Skip to main content

Mountain Home Magazine

Toe Jam on Ice

Feb 01, 2023 09:00AM ● By Gayle Morrow

Imagine this semi-gross scenario. You walk around without shoes, and then you use your tongue to clean the bottoms of your feet and between your toes. Yuck. Of course, dogs, cats, and their wild brethren do this all the time (one more reason to perhaps not be so ecstatic when our feline and canine pals want to give us a slobbery swipe across the mouth), since, as Gary Larson might point out, they lack opposable thumbs, so using a washcloth is not an option for them. The tongue works just fine—until they’ve walked through something that doesn’t agree with them or, worse, is poisonous.

My little dog, Hildy (above), loves the snow—under certain conditions. When there is an accumulation of the light, fluffy kind, her walks are joyous events. She capers and twirls, she scoops up mouthfuls, her gait is brisk, her ears bouncy. If the temperature is not in the Arctic range, she can sniff all the things that need to be sniffed, and take her time finding just the right spot to do her thing.

Not so much when the digits are single, however. Then her digits don’t cooperate—she puts on her best sad dog face, she hitches one foot up and hobbles on three legs, and, if that doesn’t get us back in the house ASAP, she’ll sit and just refuse to walk. Cue the violin music, right? We’ve been outside only thirty seconds and I know she has to pee! So, inside we go, and she then proceeds, somewhat dramatically, to lick the non-existent ice balls from between her tortured toes. Hildy has an amazing bladder, but I don’t need to tell me she doesn’t have any close husky or malamute relatives.

We’re lucky, however, that none of the places we walk have salt or other chemicals on them, but you and your dog (or cat, for that matter, as some folks do walk their kitties) may not be so fortunate. What to do?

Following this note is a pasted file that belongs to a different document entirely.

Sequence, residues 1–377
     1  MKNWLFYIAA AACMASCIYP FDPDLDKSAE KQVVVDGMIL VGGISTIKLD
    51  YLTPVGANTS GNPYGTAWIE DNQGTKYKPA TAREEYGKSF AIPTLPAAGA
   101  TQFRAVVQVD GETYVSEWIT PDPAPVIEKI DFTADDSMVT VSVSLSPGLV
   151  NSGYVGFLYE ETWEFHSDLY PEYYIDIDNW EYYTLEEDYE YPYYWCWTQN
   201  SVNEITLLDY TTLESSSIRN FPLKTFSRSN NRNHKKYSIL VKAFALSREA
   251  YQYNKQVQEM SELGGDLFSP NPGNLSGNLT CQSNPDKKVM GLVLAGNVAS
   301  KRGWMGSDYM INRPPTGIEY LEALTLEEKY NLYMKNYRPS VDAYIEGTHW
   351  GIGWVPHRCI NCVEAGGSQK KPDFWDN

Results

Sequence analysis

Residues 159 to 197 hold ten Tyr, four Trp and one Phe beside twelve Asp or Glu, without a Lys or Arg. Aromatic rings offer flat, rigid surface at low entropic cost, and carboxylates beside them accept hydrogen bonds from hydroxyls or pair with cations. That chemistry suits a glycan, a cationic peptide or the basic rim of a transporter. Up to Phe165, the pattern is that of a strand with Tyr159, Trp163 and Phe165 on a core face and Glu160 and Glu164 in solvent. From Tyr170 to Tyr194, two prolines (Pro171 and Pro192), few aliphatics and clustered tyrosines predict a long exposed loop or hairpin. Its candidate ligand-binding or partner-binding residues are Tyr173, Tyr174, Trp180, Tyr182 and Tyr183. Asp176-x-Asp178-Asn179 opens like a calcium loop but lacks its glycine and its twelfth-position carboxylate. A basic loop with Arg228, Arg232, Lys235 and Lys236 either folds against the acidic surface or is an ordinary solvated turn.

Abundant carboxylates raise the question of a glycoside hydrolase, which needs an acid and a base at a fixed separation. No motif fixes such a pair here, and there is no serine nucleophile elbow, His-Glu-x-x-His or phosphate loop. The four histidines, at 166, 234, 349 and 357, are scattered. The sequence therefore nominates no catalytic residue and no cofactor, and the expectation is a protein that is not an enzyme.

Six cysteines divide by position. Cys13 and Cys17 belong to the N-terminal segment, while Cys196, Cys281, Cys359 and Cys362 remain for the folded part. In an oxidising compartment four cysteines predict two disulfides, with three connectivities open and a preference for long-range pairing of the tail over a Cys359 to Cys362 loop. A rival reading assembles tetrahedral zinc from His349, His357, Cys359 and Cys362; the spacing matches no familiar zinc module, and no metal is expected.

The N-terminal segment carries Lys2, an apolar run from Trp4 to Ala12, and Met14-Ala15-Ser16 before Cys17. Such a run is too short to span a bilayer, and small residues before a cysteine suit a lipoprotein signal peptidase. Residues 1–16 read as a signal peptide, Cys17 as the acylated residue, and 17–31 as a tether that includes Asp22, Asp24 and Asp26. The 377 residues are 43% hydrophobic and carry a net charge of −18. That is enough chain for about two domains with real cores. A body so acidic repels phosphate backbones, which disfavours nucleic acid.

You can wipe your dog’s paws off when you get back in the house, before she has a chance to get the tongue out. Hildy is not a candidate for canine footwear, but perhaps your four-legged companion is—doggie boots, on the feet of a willing pooch, can be an easy solution to the problem of trekking around on salt or other foot-irritating substances.

Shoveling is, obviously, an option. If all you and your pet need is traction, try sand, sawdust, kitty litter, wood ash, or cinders. You might also try animal-friendly ice melting products on the walkways under your jurisdiction, and you can ask your neighbors to do the same. There are lots of different brands out there (just make sure to read the labels), and many of them are available at your local hardware or pet supply stores. If that afore-mentioned neighbor needs convincing, you could offer to share your favorite product—“See how well it works?” you might say with a big smile.

You can also make your own non-toxic de-icer. Mix equal amounts of water and white vinegar, then pour or spray on snowy or icy surfaces. Or, try mixing a half-gallon of warm water, 4 tablespoons of rubbing alcohol, and 1 teaspoon/six drops of Dawn dish detergent—pour that over the surface that needs de-icing.

Check out for more helpful info, then go get comfy with the dog, peruse the seed catalogs, and pretend it’s spring.

Explore Elmira 2024
Explore Corning 2024
Experience Bradford County 2024
Explore Wellsboro, Fall/Winter 2023-2024